On the grounds of the old Fürstenfeld Abbey, home to the Church of the Assumption in Fürstenfeldbruck, Germany, reside the relics, so it’s told, of two early Christian saints. These are not your average relics, like a chip of bone or a lock of a pope’s hair; these are full-on skeletons, crowned in gold and jewels, encrusted skull to toe with all the glittery trimmings.
Fürstenfeld was originally a Cistercian abbey, a monastic community self-sustained by their own agriculture and brewing (back in the day monks made the best beer). The abbey is about 15 miles outside of Munich and what is seen today is beyond Baroque in style, but the order goes back to the mid-13th century. The abbey was sacked by the Swedes in the mid-17th century, but eventually the order regrouped and within a hundred years or so began to rebuild the church. By the end of the 1700s the cornerstone was laid, and the new Baroque-style church would be richly decorated in pastels, gold, and frescoes by the Asam Brothers and Giuseppe Appiani, some of Bavaria’s most famed artists. It didn’t last all that long as an abbey; by the early 19th century it had been secularized, and would be used as everything from a police training facility to a hospital to a local community college.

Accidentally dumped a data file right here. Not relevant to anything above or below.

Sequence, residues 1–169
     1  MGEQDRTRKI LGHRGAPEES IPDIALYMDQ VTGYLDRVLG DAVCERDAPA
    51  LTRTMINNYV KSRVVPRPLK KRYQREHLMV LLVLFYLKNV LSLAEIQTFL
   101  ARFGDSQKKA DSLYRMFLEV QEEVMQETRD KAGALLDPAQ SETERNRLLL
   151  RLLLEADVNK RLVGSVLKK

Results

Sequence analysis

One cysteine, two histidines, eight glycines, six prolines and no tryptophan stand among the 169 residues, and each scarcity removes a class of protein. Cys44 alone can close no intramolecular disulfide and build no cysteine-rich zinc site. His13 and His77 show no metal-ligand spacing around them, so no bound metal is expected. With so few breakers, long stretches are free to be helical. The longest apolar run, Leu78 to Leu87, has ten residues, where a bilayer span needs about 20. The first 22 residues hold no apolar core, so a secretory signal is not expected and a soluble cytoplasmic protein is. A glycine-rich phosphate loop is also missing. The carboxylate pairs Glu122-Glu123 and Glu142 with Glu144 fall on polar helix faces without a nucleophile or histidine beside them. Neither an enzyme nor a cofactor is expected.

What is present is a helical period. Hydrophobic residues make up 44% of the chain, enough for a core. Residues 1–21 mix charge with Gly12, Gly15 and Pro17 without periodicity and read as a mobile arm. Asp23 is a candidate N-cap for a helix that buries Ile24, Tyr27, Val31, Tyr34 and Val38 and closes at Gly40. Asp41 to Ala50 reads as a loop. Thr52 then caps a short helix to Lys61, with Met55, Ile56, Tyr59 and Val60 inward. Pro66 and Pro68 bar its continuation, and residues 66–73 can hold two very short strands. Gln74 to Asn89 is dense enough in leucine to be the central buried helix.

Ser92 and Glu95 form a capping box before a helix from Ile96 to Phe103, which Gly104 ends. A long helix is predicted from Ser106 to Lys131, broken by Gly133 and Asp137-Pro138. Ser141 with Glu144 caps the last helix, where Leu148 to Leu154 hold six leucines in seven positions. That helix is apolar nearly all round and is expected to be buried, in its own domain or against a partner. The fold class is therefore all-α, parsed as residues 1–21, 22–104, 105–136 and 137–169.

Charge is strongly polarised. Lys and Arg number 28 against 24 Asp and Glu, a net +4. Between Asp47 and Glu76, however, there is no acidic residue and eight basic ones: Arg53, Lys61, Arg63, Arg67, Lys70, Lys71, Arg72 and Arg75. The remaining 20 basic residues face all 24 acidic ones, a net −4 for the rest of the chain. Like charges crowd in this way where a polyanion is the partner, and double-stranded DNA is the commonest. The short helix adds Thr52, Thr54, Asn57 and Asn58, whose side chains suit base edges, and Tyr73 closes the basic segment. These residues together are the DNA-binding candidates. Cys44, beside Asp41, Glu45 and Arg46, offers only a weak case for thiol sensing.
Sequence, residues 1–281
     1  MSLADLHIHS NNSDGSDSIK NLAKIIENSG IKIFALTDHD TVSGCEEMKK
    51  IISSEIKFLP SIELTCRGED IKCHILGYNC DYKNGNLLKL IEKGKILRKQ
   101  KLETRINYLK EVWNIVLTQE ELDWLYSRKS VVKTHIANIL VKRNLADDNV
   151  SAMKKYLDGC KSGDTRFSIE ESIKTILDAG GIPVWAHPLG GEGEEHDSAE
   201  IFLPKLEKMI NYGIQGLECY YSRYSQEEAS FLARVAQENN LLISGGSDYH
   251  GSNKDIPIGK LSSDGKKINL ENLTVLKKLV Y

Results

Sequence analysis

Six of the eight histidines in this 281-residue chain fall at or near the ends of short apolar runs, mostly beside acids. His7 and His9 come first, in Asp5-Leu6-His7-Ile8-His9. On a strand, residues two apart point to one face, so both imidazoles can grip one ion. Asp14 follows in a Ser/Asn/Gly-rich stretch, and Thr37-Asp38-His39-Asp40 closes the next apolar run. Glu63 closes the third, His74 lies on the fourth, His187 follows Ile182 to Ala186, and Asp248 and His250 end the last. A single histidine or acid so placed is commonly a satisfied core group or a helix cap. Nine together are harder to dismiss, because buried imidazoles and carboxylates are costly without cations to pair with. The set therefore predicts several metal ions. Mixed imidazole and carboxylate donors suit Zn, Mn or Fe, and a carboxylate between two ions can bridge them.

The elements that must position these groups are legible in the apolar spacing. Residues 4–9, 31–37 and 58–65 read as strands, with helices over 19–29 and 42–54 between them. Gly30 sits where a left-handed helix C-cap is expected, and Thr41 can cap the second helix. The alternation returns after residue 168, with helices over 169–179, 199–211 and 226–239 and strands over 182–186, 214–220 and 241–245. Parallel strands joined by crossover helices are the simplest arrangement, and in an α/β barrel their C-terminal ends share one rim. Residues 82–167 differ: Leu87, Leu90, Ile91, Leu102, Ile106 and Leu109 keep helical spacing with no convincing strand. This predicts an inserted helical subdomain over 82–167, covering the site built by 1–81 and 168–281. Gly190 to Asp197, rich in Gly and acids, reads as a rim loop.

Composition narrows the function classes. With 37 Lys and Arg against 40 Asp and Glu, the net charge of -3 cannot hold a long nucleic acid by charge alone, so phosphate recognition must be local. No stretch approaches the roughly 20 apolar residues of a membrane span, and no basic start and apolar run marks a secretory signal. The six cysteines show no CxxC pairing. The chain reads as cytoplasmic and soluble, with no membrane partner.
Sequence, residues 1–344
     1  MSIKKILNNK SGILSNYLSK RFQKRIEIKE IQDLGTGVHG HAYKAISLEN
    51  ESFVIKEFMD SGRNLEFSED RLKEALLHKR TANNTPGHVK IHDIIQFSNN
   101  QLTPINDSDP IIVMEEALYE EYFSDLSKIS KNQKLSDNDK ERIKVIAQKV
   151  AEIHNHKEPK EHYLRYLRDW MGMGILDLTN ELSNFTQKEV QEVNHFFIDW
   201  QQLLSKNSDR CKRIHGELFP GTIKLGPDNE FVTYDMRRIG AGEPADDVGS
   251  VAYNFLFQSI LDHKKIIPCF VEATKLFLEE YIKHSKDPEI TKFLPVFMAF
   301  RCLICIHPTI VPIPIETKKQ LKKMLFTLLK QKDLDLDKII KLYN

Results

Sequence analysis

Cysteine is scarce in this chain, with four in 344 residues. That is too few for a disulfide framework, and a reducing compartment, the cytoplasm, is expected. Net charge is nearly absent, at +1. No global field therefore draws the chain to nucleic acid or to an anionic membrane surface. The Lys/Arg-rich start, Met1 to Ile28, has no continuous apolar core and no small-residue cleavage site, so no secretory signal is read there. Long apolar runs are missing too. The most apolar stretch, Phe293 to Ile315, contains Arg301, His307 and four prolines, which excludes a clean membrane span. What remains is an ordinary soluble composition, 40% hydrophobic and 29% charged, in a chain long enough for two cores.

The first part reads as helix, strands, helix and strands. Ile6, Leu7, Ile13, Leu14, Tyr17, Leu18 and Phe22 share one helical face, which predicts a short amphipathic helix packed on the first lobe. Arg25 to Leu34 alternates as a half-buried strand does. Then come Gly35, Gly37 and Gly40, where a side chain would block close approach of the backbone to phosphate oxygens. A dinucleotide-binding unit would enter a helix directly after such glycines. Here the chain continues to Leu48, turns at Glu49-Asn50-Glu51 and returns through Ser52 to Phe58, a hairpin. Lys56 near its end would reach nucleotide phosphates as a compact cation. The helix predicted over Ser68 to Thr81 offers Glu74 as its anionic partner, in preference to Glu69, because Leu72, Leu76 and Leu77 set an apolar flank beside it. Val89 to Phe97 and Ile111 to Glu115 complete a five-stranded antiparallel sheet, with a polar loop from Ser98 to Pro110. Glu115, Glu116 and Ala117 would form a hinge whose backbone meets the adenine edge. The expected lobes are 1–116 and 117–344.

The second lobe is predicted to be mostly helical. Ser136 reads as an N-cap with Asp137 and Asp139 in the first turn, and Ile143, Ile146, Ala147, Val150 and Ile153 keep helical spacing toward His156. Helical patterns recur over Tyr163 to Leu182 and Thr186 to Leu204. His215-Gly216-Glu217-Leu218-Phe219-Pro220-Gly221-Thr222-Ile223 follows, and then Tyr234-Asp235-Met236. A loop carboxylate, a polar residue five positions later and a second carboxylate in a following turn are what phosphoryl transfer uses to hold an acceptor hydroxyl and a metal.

Although much of the abbey is still used for secular purposes today, since 2011 the church has provided a home for the services of the Catholic Parish of Saint Magdalena, the Church of the Assumption. The ornate interior is positively dripping with gilded altars, paintings, tapestries, and elaborate carvings, in addition to the reliquaries that serve as side altars. Inside the glass boxes are said to be the remains of two early Christians – Saint Hyacinth of Caesarea and Saint Clemens. The provenance of relics is hard to confirm, but whether these skeletons belong to those two saints or not, their surroundings sure are heavenly.
Know Before You Go
The grounds of the Abbey run along the Amper River, just off Fürstenfelder Street in the center of Fürstenfeldbruck.